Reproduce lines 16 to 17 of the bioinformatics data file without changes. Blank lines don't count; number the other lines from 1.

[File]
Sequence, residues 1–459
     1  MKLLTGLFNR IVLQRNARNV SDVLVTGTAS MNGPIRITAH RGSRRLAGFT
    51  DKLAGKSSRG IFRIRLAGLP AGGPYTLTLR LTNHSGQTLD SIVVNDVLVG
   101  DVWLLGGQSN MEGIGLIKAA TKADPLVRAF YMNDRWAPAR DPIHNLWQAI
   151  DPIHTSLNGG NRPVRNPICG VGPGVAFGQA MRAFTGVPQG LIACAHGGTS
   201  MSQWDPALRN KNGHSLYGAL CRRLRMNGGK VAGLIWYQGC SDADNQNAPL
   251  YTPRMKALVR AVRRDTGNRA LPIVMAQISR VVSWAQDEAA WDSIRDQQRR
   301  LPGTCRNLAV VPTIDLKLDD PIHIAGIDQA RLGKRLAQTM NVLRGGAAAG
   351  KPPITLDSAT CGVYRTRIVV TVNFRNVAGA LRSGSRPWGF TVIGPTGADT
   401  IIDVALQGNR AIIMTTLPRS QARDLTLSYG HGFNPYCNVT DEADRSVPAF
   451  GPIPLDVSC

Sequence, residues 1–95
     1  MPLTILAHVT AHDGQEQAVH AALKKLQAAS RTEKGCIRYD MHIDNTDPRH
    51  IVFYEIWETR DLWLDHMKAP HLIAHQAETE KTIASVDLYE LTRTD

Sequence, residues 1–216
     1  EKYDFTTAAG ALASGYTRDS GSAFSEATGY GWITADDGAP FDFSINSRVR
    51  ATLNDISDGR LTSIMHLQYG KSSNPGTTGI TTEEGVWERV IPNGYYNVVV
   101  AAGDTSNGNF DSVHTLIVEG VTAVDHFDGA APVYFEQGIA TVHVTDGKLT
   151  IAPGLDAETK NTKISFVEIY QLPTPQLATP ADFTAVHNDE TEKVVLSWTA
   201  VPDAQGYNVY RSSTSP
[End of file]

     1  EKYDFTTAAG ALASGYTRDS GSAFSEATGY GWITADDGAP FDFSINSRVR
    51  ATLNDISDGR LTSIMHLQYG KSSNPGTTGI TTEEGVWERV IPNGYYNVVV